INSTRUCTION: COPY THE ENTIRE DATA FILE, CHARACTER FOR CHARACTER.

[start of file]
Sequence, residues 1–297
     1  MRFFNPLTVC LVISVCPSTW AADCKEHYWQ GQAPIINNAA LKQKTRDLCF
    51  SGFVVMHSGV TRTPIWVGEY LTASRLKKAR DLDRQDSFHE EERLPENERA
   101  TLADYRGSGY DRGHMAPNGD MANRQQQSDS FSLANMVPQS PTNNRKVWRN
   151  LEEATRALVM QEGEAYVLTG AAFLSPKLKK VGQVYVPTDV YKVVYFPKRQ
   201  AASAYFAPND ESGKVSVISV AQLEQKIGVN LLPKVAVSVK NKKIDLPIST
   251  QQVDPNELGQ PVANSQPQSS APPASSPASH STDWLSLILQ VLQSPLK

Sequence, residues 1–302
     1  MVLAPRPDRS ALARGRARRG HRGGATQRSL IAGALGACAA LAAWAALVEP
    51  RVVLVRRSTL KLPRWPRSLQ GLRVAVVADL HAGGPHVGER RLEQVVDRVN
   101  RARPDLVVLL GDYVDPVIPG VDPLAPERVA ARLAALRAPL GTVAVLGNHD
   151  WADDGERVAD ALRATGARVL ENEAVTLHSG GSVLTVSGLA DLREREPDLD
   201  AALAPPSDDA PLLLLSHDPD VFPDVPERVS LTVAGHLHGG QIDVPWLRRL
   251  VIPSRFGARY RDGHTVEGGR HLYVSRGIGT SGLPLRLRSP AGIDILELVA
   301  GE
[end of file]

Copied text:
Sequence, residues 1–297
     1  MRFFNPLTVC LVISVCPSTW AADCKEHYWQ GQAPIINNAA LKQKTRDLCF
    51  SGFVVMHSGV TRTPIWVGEY LTASRLKKAR DLDRQDSFHE EERLPENERA
   101  TLADYRGSGY DRGHMAPNGD MANRQQQSDS FSLANMVPQS PTNNRKVWRN
   151  LEEATRALVM QEGEAYVLTG AAFLSPKLKK VGQVYVPTDV YKVVYFPKRQ
   201  AASAYFAPND ESGKVSVISV AQLEQKIGVN LLPKVAVSVK NKKIDLPIST
   251  QQVDPNELGQ PVANSQPQSS APPASSPASH STDWLSLILQ VLQSPLK

Sequence, residues 1–302
     1  MVLAPRPDRS ALARGRARRG HRGGATQRSL IAGALGACAA LAAWAALVEP
    51  RVVLVRRSTL KLPRWPRSLQ GLRVAVVADL HAGGPHVGER RLEQVVDRVN
   101  RARPDLVVLL GDYVDPVIPG VDPLAPERVA ARLAALRAPL GTVAVLGNHD
   151  WADDGERVAD ALRATGARVL ENEAVTLHSG GSVLTVSGLA DLREREPDLD
   201  AALAPPSDDA PLLLLSHDPD VFPDVPERVS LTVAGHLHGG QIDVPWLRRL
   251  VIPSRFGARY RDGHTVEGGR HLYVSRGIGT SGLPLRLRSP AGIDILELVA
   301  GE